Correlation between longevity and effectiveness of a manager

One thing that we can look at is whether there is a direct correlation between how long a manager stays in his position to how effective he is at continuously bringing in results. Arsene Wenger has been with Arsenal for just over 2 decades which is an extremely long time compared to other successful short-term managers such as Chelsea’s Antonio Conte, Jose Mourinho and Pepe Guardiola who all spent a short time at their club but managed to accomplish great things.

Many companies bring in Managers into their organisations who only last 3-5 years, this is known as ‘tenure’. This may seem ineffective however it reality isn’t, the reason this is done is because it has been proven to work for a lot of establishments as the new manager who arrives is usually highly skilled with a background of moving company to company and turning it around.

If we look at the early career of Arsene Wenger, in his first 10 years he managed to win 3 premiere league titles, 4 community shields and 4 FA cups, being one of Arsenal’s most successful periods that the club has seen. In the latter 10 years Arsene Wenger’s side has won 0 premier league trophies, 2 community shields and 2 FA cups. Comparing these two obviously has a lot more factors to it but it goes to show that Arsene Wenger had a clear winning formula when he first joined Arsenal and bought the club to its ‘Golden Era’.

What changed in the second half of Wenger’s reign as a manager compared to the first half? The obvious factor is that when a new manager joins an organisation they are really keen to impress and sell themselves as the right person for the job, this in turn is one of the reasons why new managers either perform really good, or bad. Bringing in tenure managers into a sports team or your business can be beneficial for the company as they bring in fresh ideas, energy and passion. It isn’t an unknown fact that when a manager has been in the position for 20 years - their performance may start to decline.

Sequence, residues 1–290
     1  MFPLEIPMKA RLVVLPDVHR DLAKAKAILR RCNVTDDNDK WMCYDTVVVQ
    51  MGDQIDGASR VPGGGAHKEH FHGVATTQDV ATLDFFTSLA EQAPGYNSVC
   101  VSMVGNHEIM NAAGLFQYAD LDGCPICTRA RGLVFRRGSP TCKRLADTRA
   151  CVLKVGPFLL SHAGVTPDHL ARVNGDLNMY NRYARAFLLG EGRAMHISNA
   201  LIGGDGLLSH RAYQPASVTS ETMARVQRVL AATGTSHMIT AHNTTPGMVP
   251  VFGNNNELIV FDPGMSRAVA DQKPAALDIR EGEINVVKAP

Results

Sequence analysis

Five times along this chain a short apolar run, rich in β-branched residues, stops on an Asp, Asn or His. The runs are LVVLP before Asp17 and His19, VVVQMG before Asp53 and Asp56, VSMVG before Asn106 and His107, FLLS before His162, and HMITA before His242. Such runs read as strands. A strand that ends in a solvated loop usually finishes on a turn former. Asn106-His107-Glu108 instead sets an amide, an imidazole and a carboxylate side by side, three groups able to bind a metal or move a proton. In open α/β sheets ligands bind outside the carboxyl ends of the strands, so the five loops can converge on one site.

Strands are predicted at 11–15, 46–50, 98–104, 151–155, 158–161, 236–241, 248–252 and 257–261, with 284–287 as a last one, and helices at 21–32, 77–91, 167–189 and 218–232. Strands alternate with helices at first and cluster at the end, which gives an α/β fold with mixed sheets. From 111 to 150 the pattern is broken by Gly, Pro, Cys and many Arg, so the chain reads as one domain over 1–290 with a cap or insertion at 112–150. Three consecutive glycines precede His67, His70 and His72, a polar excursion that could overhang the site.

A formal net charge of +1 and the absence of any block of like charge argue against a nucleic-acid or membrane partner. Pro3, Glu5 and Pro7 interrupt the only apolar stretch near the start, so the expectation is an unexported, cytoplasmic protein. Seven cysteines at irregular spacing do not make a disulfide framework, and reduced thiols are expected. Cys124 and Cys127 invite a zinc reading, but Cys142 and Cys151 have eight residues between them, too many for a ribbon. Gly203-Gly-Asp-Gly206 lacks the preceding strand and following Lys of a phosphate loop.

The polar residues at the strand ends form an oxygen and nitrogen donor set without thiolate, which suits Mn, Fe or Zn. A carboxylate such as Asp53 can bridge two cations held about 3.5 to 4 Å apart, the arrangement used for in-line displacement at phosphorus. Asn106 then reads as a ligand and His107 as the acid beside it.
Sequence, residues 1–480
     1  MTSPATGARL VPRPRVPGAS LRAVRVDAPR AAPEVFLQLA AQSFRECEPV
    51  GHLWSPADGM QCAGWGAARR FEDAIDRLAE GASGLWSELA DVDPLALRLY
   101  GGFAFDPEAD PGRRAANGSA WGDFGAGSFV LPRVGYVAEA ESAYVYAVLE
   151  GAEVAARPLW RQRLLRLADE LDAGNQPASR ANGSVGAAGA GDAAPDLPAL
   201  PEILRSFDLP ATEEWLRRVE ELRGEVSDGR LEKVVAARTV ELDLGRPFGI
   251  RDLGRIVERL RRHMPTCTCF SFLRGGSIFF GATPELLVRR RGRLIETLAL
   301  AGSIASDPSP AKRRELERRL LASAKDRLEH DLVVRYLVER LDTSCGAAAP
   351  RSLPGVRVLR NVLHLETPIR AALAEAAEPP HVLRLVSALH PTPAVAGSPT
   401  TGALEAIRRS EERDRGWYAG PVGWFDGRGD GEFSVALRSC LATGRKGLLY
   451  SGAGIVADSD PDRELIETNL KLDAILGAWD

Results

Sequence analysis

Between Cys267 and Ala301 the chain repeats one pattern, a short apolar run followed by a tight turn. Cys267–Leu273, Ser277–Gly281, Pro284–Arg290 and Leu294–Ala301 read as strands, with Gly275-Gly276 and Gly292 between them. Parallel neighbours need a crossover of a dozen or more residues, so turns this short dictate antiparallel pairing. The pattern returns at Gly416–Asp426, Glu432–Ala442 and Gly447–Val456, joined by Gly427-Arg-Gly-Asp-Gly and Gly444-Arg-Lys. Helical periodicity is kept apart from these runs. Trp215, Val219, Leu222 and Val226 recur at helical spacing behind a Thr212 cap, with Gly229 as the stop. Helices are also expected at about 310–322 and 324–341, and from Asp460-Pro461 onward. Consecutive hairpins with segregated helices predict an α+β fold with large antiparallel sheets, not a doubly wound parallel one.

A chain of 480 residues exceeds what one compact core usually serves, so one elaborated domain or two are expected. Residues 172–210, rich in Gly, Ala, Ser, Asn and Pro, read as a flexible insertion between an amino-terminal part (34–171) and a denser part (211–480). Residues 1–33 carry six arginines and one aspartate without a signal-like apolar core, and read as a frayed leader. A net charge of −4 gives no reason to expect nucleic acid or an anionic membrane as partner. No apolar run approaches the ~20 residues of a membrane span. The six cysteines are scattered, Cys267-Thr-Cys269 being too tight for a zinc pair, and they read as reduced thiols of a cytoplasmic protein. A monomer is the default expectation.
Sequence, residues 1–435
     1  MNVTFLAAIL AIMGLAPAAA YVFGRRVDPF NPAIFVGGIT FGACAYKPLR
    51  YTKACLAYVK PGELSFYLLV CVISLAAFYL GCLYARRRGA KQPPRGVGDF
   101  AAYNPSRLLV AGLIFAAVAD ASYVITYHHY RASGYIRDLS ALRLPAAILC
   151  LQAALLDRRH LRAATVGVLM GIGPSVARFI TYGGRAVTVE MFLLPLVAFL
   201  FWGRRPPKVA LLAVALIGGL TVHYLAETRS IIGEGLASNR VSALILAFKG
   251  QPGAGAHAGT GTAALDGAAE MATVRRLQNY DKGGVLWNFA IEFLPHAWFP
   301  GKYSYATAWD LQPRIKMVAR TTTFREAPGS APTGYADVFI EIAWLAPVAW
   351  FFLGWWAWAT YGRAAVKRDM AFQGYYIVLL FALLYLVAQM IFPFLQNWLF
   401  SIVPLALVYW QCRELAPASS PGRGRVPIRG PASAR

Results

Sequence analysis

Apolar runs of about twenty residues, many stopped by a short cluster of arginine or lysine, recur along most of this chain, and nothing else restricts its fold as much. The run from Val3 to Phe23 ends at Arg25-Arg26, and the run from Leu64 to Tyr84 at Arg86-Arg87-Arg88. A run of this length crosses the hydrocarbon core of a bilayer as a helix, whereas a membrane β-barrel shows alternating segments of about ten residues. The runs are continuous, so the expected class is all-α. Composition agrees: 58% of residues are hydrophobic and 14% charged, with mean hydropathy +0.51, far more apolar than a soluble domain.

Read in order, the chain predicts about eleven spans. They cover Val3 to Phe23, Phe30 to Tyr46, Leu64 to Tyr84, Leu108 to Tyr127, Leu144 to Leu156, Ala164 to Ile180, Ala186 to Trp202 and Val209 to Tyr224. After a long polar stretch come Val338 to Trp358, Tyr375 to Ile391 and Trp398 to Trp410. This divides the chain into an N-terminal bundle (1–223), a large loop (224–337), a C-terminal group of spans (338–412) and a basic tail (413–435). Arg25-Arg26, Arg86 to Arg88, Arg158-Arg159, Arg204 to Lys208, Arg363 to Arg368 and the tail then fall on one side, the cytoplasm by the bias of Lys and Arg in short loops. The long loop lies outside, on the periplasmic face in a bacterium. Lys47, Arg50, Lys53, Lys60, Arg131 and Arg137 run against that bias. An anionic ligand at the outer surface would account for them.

Investing in the youth

One of Arsene Wenger’s major successes at the club was his renowned ability to bring in players for very little money (or for free!) and develop them into world class footballers, the majority of the players that he developed were quite young. Some of these names include Jack Wilshere, Robin Van Persie, Cesc Fabregas, Nasri, Kieran Gibbs, Francis Coquelin, Theo Walcott and Ashley Cole. Arsene Wenger even insisted himself many years back that he was one of the best at producing top level footballers, in an interview he said “my record for nurturing talent at Arsenal is second to none”. From a business perspective this is amazing for the club because they’ve always consistently managed to bring in players for cheap and sell them on for massive profits, or they are able to play them and win a lot of games.

Managers of today should also learn to adapt this philosophy of always looking at the youth as the future, because they are. By setting in key training and development processes in your organisation it is possible to bring in employees that have potential that is waiting to be nurtured into a success. Not only is it important for the newer employees to be trained, it is also equally as important to train all staff because it increases productivity, reduces employee turnover, decreases the need for supervision, maintains employee satisfaction and it increases the ability to employ new technologies into a business, which is a major benefit.